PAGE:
Sep 092012

Conyer Creek was our planned venue for the Wednesday Walk this week. A lovely day with bright sunshine but with a cooling northerly breeze.

We parked the car on the side of the road in the village and then walked to the creek through the area of waste land which was previously the site of brickworks. Conyer has a very interesting history with smuggling, papermills, brickfields and barge building all featuring in its past.

The brickworks closed in the 1980’s and the site cleared. There is planning permission for 24 houses on part of the land and the rest will be laid over to nature reserve.

As we strolled through the scrubby areas with buddelia, bramble, wild rose and other wasteland species there was a particular dearth of birdlife. The occasional tweet or chirrp was heard but it was very difficult to get onto anything as it flitted within bushes and in the distance away from us.

Migrant Hawker

Despite this we did manage to catch up with House Sparrow, Starling, Swallow, Green Woodpecker and Magpie. As we approached a more open area in the scrub a large number of House Martin were feeding overhead chattering to each other as they swooped overhead. Malcolm spotted a Turtle Dove; the rest of us didn’t get a chance to see it.

As we neared the waterside we could hear Curlew calling. Cormorant flew overhead, a flock of Goldfinch noisily moved from tree to tree, occasionally stopping to feed on seedheads, but like everything else at the moment they remained generally out of sight. A Whitethroat fed in a bramble bush, again keeping itself pretty much out of view, but with patience we had reasonable views.

Butterflies were a little more forgiving and we had several Small Copper, Small White, Small Tortoiseshell, Red Admiral, Common Blue and Meadow Brown. Migrant Hawker Dragonfly showed really well, whilst other (unidentified) damselfly and dragonfly hovered over the ditches and pools behind the seawall.

Canadian Fleabane

As the tide came in Black-headed Gull, Lesser and Great Black-backed Gull, Curlew and Canada Geese were seen on the mudflats. A Greenshank gave it’s distinctive call, just prior to flying away from us. Several Whimbrel were seen during the day, there were at least 20 Curlew, over 100 Redshank, 30+ Ringed Plover, half a dozen Grey Plover, at least 40 Golden Plover, and a couple of Sandwich Tern which were perched on their respective buoys. A small flock of Common Tern flew past us and the sighting of the day was a Hobby which we watched as it hunted and fed on dragonflies. Watching this amazing bird flying with such agility and catching it’s prey with great dexterity was a real privilege and delight. Twisting and turning at speed, it gave us a great show.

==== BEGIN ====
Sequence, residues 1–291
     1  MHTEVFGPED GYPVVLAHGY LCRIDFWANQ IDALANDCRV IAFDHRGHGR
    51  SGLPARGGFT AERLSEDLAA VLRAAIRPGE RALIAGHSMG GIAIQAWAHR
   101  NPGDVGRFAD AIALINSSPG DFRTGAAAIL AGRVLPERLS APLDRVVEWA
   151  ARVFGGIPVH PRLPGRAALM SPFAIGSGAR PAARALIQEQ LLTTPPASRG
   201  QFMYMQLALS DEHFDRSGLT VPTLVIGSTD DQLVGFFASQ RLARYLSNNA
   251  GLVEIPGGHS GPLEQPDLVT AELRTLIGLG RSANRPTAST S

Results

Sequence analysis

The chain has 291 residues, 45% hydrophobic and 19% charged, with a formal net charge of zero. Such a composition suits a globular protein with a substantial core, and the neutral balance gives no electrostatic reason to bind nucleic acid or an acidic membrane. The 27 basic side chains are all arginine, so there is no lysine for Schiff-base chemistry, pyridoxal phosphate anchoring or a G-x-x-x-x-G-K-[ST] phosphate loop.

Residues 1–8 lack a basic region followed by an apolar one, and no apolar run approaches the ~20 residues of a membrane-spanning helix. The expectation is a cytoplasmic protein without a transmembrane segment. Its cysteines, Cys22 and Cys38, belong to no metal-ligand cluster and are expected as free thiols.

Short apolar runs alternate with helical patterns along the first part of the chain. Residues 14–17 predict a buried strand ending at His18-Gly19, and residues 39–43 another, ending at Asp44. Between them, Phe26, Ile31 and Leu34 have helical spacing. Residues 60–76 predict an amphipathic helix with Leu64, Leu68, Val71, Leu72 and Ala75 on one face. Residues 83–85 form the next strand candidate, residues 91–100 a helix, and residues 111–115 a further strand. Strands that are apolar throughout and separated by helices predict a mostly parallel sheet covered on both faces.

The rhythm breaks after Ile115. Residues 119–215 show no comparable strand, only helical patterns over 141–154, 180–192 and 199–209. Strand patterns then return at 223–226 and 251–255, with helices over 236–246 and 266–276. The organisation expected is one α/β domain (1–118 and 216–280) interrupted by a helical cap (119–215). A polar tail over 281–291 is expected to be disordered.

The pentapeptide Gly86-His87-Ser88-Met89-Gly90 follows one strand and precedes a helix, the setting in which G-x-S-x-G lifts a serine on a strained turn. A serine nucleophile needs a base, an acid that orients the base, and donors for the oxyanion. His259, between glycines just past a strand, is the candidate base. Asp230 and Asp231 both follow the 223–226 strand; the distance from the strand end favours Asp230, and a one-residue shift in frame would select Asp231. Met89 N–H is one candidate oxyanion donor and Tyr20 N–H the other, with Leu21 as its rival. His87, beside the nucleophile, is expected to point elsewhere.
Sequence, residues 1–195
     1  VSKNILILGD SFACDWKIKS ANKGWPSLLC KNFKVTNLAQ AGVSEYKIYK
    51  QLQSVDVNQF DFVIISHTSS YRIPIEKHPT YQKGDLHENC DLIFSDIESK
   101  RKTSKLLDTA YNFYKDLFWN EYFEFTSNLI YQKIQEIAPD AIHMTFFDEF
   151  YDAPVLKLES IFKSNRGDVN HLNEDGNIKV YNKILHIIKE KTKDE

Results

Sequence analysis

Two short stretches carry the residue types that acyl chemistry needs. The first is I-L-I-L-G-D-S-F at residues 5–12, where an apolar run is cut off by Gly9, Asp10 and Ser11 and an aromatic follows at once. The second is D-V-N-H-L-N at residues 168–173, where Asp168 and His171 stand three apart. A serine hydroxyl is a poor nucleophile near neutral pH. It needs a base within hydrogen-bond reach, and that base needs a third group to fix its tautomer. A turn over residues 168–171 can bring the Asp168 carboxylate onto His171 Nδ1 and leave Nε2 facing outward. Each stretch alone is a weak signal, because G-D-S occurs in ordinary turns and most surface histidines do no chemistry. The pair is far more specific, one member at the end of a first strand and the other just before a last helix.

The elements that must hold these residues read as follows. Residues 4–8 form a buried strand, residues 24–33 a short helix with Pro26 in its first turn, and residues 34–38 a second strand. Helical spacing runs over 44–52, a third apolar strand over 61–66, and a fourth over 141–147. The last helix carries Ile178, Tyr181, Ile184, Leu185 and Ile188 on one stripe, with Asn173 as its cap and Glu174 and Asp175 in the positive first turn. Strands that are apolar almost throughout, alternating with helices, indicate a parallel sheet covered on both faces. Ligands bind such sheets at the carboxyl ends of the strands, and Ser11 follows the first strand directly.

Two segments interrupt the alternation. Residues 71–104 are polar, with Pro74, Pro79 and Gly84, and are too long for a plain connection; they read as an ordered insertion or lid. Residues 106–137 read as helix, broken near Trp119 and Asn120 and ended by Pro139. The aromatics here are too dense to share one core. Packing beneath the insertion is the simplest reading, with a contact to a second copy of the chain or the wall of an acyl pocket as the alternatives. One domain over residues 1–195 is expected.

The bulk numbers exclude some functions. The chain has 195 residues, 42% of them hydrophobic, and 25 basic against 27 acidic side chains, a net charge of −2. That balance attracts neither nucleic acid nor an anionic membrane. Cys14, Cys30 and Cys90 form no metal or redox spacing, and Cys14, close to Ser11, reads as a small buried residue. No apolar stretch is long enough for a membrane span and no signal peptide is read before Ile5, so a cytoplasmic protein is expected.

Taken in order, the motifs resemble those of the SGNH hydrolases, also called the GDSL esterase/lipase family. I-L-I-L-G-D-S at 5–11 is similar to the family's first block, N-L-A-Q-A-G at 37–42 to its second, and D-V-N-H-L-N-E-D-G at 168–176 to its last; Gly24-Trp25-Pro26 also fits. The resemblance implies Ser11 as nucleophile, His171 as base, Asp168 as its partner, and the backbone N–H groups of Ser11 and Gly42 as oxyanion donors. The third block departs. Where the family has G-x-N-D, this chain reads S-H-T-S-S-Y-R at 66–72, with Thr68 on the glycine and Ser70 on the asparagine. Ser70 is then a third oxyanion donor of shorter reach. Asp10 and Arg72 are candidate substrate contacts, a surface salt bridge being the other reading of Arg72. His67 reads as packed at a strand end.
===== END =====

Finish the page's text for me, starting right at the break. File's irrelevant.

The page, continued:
A group of four juvenile Shelduck looked out of place bobbing about on the water, their distance from us helping to cause a little delay in identification! Along the edge of the nearest island we found some Lapwing mixed with Turnstone.

As we had our picnic two Stoat ran along the inside of the seawall, across in front of us and carried on towards the field – we had great views. Two Seals were swimming as the tide rose. Three Common Buzzard were circling overhead and a Kestrel found hovering a little challenging in the strong breeze.

The final additions at Conyer were Common Sandpiper and Robin.

With some time left, we decided to call in at Riverside Country Park, near Rainham.

With a high tide there was little land for the birds to rest on, but again, Lapwing, Golden Plover, Ringed Plover, Black-headed Gull, Oystercatcher, Cormorant, Great Black-backed Gull, Great Crested Grebe.

 Posted by on 9 September 2012 at 8:21 pm

  2 Responses to “Conyer Creek and Riverside CP”

Comments (2)
  1. Sue, I have to apologise for giving you the wrong name for the fleabane, it is Blue Fleabane, not Canadian. Irene pointed this out after consulting her flower book. Malcolm said he has told me it’s Blue Fleabane many times & I just don’t listen to him….
    There is a Canadian Fleabane though & it’s very similar……

  2. Just shows you shouldn’t rely on others for your information, thanks for the correction Sally